Exactly five years ago, 196 countries signed the UN Paris Climate Agreement. The ambitious agreements have not been collecting dust over the past five years, to the great delight of Rik Leemans, professor of Environmental Systems Analysis at WUR. He feels that global warming is being taken seriously at last. And with the proposed measures it looks like we will manage to significantly curb the increase in temperature over the next 80 years.
“The melting ice caps in Greenland and Antarctica are the result of decades of climate change; you will not undo this impact in a couple of years. But the reversal that is now happening gives us hope. The 2015 Climate Agreement was the tipping point, and the participating countries did not sit back after signing the agreement, in fact, they refined the ambitious goals even further. Europe started work on a Green Deal (EU climate-neutral by 2050), Joe Biden has big plans for the US, and China and Japan have also honed the agreement further with the objective of being climate-neutral in 20 to 40 years.”
What are the results of all these plans?
“Five years ago, global warming was estimated to be 3.7 degrees by the year 2100. That would result in uninhabitable circumstances: large parts of the world would be flooded, other parts would suffer with extreme drought, forest fires would increase significantly, and there would be serious shortages of drinking water and food. In 2015, participating countries initially agreed on a maximum increase of 2 degrees, but at the very last minute this was changed to a target of 1.5 degrees. This was primarily due to pressure from island nations such as the Maldives and Mauritius who would otherwise be under water as a result of the rising sea levels.”
From 3.7 to 1.5 degrees in 80 years: is that feasible? This week another report was released, revealing that we were still on track for 3-degree increase in temperature by 2100, in spite of the fact that we are currently emitting fewer greenhouse gases due to the coronavirus.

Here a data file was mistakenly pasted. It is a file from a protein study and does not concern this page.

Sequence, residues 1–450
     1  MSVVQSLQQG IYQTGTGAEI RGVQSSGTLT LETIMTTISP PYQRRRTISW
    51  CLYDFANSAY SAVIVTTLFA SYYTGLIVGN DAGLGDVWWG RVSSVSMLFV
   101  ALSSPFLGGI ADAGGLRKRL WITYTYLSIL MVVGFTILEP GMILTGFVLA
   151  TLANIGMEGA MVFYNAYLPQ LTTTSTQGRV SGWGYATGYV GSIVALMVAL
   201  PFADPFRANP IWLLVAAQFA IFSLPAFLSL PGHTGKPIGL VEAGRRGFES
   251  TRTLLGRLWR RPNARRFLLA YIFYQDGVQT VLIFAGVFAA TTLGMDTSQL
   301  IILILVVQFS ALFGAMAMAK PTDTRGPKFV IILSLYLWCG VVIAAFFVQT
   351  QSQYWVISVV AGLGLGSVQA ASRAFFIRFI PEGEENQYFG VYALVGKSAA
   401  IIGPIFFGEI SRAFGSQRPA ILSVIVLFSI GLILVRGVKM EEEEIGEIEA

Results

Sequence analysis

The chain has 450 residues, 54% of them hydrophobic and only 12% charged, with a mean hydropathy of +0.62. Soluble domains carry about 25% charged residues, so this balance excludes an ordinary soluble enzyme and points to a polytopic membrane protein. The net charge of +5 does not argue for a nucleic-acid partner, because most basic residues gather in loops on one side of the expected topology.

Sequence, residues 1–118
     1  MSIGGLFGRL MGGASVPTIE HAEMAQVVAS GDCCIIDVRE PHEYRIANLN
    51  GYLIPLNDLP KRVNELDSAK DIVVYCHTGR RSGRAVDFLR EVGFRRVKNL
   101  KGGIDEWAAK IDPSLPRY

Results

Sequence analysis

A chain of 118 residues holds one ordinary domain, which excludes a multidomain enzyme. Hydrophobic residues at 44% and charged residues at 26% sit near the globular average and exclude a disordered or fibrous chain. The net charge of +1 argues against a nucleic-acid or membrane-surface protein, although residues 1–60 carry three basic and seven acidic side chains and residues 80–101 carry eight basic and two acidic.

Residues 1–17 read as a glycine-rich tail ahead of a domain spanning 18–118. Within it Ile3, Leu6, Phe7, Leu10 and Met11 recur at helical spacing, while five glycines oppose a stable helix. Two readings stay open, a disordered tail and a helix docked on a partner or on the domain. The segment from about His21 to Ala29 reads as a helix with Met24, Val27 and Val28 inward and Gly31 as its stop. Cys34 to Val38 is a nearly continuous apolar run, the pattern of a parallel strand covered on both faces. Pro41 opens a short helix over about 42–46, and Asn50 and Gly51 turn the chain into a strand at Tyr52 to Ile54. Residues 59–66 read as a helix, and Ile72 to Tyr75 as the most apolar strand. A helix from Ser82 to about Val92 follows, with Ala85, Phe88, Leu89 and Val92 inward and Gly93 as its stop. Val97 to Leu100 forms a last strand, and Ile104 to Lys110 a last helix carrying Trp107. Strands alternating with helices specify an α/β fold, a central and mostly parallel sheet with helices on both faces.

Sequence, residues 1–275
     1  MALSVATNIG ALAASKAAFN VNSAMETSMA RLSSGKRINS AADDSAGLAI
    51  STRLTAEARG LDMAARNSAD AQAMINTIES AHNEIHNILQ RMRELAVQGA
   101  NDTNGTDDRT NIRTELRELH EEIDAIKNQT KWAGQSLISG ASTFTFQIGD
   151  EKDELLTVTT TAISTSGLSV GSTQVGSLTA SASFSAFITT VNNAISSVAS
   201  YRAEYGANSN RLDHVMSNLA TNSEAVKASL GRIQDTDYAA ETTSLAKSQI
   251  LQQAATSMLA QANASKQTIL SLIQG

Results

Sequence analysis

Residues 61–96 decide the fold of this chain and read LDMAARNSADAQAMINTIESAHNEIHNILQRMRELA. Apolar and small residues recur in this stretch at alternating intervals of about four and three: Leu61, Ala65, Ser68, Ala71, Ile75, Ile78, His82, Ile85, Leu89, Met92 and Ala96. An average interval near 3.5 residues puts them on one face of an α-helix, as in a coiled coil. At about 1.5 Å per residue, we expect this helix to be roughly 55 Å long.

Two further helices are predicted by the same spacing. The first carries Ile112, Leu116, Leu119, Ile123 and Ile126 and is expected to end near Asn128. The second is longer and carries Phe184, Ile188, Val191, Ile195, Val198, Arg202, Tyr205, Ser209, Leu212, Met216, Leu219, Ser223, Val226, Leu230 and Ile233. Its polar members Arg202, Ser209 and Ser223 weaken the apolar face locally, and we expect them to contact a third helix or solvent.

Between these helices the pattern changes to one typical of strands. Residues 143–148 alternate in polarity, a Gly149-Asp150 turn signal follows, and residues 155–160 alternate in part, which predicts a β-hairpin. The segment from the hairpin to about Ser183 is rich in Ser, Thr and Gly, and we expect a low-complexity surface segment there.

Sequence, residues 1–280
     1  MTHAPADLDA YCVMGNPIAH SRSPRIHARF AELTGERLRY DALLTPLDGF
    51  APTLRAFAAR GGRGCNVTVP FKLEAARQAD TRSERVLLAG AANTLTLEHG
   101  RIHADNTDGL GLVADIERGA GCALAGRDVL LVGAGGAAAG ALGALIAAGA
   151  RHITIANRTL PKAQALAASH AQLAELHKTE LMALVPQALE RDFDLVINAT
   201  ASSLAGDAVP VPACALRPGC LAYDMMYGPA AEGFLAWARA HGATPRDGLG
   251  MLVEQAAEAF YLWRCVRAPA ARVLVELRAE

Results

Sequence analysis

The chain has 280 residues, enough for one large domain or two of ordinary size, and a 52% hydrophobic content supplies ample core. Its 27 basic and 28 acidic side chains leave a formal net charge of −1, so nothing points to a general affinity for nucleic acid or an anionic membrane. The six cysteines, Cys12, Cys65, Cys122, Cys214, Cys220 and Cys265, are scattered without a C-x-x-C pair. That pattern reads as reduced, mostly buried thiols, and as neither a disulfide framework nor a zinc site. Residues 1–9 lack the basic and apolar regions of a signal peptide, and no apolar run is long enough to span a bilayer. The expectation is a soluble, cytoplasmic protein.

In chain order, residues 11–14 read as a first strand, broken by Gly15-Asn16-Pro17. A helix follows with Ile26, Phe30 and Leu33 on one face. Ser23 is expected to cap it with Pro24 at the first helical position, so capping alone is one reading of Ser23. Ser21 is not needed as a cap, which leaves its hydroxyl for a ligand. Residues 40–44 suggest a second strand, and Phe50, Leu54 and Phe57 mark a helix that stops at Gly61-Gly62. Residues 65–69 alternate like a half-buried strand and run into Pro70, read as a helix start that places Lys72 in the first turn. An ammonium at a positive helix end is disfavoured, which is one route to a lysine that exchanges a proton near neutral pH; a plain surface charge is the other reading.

“That’s true, but that is based on the situation from five months ago. At that time, China, Japan, and South Korea had yet to announce their refined plans and the European Green Deal was not yet a reality. You should include these recent developments as well, just as my colleague Niklas Höhne did in his ongoing study Climate Action Tracker: it shows that the earth’s temperature will in fact only rise by 2.1 degrees over 80 years. That is, provided that all plans made by the countries in the Paris Agreement, as well as all the further refinements made in later years, are effectively carried out.”
But at 2.1, you’re not achieving what the climate agreement strives for.
“I must admit that it will be very difficult to limit warming to 1.5 degrees. The transition to sustainable energy is too slow to achieve that. But we must continue to aim for climate neutrality. Because whether warming is 1.5 degrees or 2 degrees over the next 80 years: climate change will continue. 15 years ago we thought a 25 mm rain shower was significant: now we are used to 80 mm showers. And our biodiversity is decreasing every day: vulnerable coral reefs are dying off at a high rate; they may disappear completely over the next thirty years.”